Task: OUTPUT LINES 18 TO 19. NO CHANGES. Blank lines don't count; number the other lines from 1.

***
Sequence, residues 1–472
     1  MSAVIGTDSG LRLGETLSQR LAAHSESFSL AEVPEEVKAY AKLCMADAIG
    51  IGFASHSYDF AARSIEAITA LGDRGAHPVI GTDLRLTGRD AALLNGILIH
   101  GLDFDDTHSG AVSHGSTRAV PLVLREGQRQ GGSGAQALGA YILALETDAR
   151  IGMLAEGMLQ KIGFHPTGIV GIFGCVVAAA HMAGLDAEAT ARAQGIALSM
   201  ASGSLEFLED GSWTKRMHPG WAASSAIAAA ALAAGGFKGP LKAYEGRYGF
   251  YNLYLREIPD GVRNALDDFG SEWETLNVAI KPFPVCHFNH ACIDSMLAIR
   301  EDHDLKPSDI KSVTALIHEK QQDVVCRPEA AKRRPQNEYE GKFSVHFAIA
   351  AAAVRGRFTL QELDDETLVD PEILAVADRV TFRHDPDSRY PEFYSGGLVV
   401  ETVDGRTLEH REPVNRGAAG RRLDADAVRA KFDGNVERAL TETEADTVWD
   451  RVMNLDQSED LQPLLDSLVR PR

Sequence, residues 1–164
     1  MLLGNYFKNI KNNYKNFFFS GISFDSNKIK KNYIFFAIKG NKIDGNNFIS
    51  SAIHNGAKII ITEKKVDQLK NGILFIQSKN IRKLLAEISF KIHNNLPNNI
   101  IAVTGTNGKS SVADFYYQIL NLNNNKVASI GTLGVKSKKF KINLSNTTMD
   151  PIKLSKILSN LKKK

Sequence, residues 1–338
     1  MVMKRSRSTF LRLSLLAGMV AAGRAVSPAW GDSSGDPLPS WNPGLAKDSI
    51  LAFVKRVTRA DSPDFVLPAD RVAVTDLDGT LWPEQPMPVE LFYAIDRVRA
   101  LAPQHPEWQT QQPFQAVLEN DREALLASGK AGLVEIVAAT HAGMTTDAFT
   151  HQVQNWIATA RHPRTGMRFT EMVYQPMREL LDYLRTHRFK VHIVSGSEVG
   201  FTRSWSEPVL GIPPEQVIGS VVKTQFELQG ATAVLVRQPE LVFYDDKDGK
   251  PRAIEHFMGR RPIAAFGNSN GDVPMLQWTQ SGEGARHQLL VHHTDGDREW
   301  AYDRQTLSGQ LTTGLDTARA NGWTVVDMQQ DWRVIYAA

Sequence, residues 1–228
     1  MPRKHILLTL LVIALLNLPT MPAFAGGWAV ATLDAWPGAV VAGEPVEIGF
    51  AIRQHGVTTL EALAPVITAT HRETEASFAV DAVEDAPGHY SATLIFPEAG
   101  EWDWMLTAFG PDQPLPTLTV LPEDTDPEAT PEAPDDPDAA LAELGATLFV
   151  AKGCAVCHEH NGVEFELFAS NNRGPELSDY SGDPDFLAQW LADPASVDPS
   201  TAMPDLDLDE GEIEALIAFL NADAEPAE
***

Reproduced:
     1  MVMKRSRSTF LRLSLLAGMV AAGRAVSPAW GDSSGDPLPS WNPGLAKDSI
    51  LAFVKRVTRA DSPDFVLPAD RVAVTDLDGT LWPEQPMPVE LFYAIDRVRA